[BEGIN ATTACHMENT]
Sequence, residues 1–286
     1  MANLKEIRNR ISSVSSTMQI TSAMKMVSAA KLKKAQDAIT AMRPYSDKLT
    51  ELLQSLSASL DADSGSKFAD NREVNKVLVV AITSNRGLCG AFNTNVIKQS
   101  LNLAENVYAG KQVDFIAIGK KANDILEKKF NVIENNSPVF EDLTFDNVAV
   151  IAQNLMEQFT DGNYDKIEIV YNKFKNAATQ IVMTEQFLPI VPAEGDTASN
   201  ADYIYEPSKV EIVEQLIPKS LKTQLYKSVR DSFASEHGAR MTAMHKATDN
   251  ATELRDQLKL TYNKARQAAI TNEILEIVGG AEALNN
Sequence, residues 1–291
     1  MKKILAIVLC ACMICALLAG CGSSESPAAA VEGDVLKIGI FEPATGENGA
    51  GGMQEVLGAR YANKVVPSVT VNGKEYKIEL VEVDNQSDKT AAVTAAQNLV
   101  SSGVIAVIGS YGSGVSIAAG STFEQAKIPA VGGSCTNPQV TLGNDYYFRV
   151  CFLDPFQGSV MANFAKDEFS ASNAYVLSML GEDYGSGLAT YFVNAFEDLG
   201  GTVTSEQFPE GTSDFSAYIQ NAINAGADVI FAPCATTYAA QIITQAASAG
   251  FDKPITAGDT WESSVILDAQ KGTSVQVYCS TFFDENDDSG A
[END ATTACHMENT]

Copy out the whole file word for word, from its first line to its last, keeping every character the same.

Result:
Sequence, residues 1–286
     1  MANLKEIRNR ISSVSSTMQI TSAMKMVSAA KLKKAQDAIT AMRPYSDKLT
    51  ELLQSLSASL DADSGSKFAD NREVNKVLVV AITSNRGLCG AFNTNVIKQS
   101  LNLAENVYAG KQVDFIAIGK KANDILEKKF NVIENNSPVF EDLTFDNVAV
   151  IAQNLMEQFT DGNYDKIEIV YNKFKNAATQ IVMTEQFLPI VPAEGDTASN
   201  ADYIYEPSKV EIVEQLIPKS LKTQLYKSVR DSFASEHGAR MTAMHKATDN
   251  ATELRDQLKL TYNKARQAAI TNEILEIVGG AEALNN
Sequence, residues 1–291
     1  MKKILAIVLC ACMICALLAG CGSSESPAAA VEGDVLKIGI FEPATGENGA
    51  GGMQEVLGAR YANKVVPSVT VNGKEYKIEL VEVDNQSDKT AAVTAAQNLV
   101  SSGVIAVIGS YGSGVSIAAG STFEQAKIPA VGGSCTNPQV TLGNDYYFRV
   151  CFLDPFQGSV MANFAKDEFS ASNAYVLSML GEDYGSGLAT YFVNAFEDLG
   201  GTVTSEQFPE GTSDFSAYIQ NAINAGADVI FAPCATTYAA QIITQAASAG
   251  FDKPITAGDT WESSVILDAQ KGTSVQVYCS TFFDENDDSG A